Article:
Monday, May 13, 2013

Many rural Georgia counties short of lawyers, though profession in the state has a high unemployment rate

Rural areas have struggled to attract lawyers, who often can't afford to pay their student debts on the compensation available in rural communities and who find the lure of urban life much more attractive to a young person just starting their careers.

In Georgia, 81 percent of the state's lawyers work in metropolitan Atlanta, while six of the 159 counties don't have any lawyers, and five have just one. In some cases, the closest attorney is 50 miles away, reports Dan Chapman for the Atlanta Journal-Constitution. In Clay County, in southwest Georgia, 36 percent of the 3,000 residents live below the poverty line, and no one practices law full-time in the county.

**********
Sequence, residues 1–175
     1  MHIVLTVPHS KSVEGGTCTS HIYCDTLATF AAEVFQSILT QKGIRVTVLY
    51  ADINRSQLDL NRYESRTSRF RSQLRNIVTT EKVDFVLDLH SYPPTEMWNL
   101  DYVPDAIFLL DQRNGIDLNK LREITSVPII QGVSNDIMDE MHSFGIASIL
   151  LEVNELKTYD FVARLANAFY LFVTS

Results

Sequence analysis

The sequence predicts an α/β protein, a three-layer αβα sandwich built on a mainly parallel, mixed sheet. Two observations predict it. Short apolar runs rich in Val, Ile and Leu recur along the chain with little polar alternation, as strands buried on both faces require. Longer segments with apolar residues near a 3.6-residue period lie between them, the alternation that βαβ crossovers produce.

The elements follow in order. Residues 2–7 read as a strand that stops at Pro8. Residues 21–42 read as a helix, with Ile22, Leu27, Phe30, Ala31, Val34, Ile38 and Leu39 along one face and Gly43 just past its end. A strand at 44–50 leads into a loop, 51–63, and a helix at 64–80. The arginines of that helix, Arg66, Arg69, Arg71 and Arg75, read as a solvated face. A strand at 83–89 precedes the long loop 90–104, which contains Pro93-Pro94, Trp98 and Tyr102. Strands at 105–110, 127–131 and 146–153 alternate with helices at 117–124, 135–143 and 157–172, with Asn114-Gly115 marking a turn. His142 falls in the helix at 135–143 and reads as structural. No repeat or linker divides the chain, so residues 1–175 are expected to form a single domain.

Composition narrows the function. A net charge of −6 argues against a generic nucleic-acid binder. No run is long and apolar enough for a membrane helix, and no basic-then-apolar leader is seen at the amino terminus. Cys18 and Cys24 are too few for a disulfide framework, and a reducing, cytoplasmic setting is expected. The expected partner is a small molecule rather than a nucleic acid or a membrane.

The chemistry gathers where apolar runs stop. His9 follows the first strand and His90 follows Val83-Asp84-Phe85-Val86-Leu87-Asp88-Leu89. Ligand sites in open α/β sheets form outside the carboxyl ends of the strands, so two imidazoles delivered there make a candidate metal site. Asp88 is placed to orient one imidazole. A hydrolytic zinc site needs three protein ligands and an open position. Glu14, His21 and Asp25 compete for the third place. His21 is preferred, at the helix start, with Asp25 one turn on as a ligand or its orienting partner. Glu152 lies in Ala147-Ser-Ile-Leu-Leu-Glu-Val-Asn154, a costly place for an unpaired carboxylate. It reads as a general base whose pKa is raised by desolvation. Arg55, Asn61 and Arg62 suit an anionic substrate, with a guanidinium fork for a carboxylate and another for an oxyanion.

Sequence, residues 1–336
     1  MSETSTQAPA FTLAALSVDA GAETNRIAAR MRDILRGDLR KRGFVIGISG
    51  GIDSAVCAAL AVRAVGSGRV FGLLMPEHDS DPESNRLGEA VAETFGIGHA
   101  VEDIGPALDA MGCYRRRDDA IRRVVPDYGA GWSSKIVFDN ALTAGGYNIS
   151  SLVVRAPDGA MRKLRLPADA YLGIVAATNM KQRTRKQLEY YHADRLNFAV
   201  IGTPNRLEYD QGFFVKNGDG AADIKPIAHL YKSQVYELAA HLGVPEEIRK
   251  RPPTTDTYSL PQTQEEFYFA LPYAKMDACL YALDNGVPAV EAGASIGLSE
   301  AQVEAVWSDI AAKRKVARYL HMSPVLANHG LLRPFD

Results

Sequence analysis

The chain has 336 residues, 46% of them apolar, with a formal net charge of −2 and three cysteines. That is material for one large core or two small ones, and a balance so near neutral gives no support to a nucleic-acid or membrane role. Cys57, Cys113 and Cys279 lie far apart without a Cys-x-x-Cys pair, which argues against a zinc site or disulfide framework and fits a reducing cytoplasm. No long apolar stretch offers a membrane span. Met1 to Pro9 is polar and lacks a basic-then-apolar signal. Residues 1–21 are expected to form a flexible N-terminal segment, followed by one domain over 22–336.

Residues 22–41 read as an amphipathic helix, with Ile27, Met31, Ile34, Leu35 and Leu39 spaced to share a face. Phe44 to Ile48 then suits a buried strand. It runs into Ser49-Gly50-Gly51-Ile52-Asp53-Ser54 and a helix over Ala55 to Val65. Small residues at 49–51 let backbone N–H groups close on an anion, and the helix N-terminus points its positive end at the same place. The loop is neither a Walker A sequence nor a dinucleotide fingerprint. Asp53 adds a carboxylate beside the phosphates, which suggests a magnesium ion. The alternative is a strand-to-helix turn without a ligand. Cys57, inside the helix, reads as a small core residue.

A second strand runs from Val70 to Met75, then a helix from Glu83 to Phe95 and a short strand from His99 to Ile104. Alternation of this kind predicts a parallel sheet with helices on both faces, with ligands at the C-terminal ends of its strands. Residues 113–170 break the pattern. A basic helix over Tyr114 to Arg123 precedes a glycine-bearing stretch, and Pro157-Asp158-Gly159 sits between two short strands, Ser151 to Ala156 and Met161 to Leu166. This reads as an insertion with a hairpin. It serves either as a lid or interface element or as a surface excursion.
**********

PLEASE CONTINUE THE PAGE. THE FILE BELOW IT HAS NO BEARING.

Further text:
Even as rural towns go wanting for lawyers, a third of the state's 2012 law-school graduates who passed the bar exam haven't found work, and the unemployment rate for lawyers is 11.5 percent, well above the state average. Meanwhile, those in need of legal service often have to turn to free non-profit help, or go without representation. (Read more)

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